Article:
Cheddar has something in common with cheeses such as gouda and brie: On one hand, it can be traced back to its origins long ago. On the other hand, it was never origin protected (like for instance morbier or stilton are), and therefore the cheese is produced all over the world and in many different kinds of qualities.
Take a look at these four and very different cheddars:
To the left, we have a red cheddar, produced in blocks at a large dairy. It is matured three months, and is best used in the kitchen. Number two is a vintage cheddar, aged for about 18 months, also from a large dairy. The taste is caramel-sweet with crunchy crystals. Number three is a traditional cloth bound raw milk cheddar from Montgomery Cheese (aged for one year). The last one is from the same place but is aged for two years. The last two have deep umami notes and are closer to forest floor, mushrooms and cabbage.
Cheddar roots in Somerset
On the soft rolling hills grows lush green grass. We are in Somerset in the south-west of England. Perfect conditions for cows – and the home land of cheddar. Historical sources back to 1170 talk about a cheese made in the village of Cheddar. Originally, the cheese was made in the summer from the cows’ abundant milk, and in the winter, the cheese was eaten. In other words, cheddar was stored for a maximum of six months.
The Montgomery family
In 1911, Sir Archibald Langman purchased the North Cadbury Court mansion and the surrounding lands. The house has 100% ‘Downtown Abbey´ spirit, and you can see pictures from it in my diary from the cheddar odyssey with Cheese Journeys. Sir Archibald produced cheddar from unpasteurized milk from own cows.
History wasn’t gentle to farm dairies in the UK. 3,500 farm dairies in 1914 became less than 100 in 1945. Fortunately, there has been a renaissance since then.
Some cheesemakers stubbornly stuck to making cheese in the traditional way. Montgomery cheddar is one of them. Today, grandson Jamie Montgomery heads the family business, whose cheddar has been said to be one of the world’s best cheddars! In other words, the family stubborness came with a result!
Traditional farmhouse cheddar
Montgomery cheddar is made from unpasteurized milk, which gives an interesting complexity with more than just one taste sensation. Also, it varies over time – because the cheese follows the milk. All cheeses are wrapped in cheese cloth and covered with lard to protect the cheeses during maturation.
200 Holstein-Frisian dairy cows graze outside for as long as possible, approx. 8-9 months a year. The autumn of 2021 was very mild and the cows were not taken in for the winter until end of November.
Let’s follow Jamie Montgomery into the dairy…
The crucial starter culture
When you make cheese, you add starter culture (also called lactic acid bacteria) to the milk, and these bacteria help to start the acidification and not least also adds to the cheese personality.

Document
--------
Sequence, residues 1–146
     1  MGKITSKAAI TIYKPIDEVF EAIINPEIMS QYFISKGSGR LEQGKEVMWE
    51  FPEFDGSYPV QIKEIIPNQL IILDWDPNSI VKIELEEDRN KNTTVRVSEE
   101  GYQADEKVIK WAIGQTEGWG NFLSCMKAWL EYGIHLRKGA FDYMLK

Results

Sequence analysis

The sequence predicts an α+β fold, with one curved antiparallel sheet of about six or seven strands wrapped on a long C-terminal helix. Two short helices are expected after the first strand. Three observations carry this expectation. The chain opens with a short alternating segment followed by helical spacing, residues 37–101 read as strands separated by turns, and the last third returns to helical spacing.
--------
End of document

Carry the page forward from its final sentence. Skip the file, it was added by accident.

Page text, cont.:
Some dairies buy cultures, others use a little whey from yesterday’s production or yet others sour some milk with purchased bacteria and add this ‘yoghurt’ to the liquid milk. The latter is done at Montgomery’s Cheese.
There is a special story attached to the cultures they use in the dairy today. In the past, it was local practice to exchange the best cultures with other farm dairies. This was done to protect the bacteria’s strength. If the same bacteria was used day after day, it would lose strength and gradually be taken over by a virus which is found naturally everywhere. But by constantly bringing new strong bacteria into the dairy, this was avoided.
The last tiger
In the 1950s, a company collected these bacteria strains from various dairies to cultivate them for sale. After some company acquisitions, the project was closed down, but an employee wasn’t happy with this and simply ran away with the invaluable bacteria bank of generations’ work. Actually, it was a bit like holding the very last tiger in your hand. Fortunately, Barbers took on the task, securing this goldmine of cheese cultures and heritage.
Today, Montgomery uses a different starter culture on each of the days of the week, and the cheeses are known among connoisseurs as ‘Monday’, etc.
’The cheddaring process’
Once the cheese curds are cut and stirred, whey and curd is pumped onto a flat cooling table. Whey runs off, and quite quickly the cheese curds binds together in a cohesive mass. It is then cut into large blocks which are turned over and stacked on top of each other. This very special fermentation process, which differs from (most of) the rest of Europe’s cheese production, is called cheddaring.
The process is repeated after 4-5 minutes, and each time the stack of cheese blocks gets higher, while each cheese block is pressed a little flatter by the weight, and a little more whey is squeezed out.
When the acidfication is perfect (this happens after about 4½ hours), the cheese blocks must go through a small grinder that mills the blocks. Then it’s time to knead salt into the cheese grains. Salt stops the acidification.
The curd is then put into molds and pressed. Afterwards, the cheeses are wrapped in cheese cloth and covered with lard. It is done to protect the cheeses against cracks and damages during the long maturation.
Flavor evolves over time
Montgomery’s cheddar ripens for 1 or 2 years. The cheeses have a delicious earthy flavor with notes of mushrooms and broth. They are acidic, like most other English cheeses, and especially the one year old cheddar becomes creamy when chewed. There is a difference in taste whether you eat the heart of the cheese or the layer just below the rind, where the taste is most intense.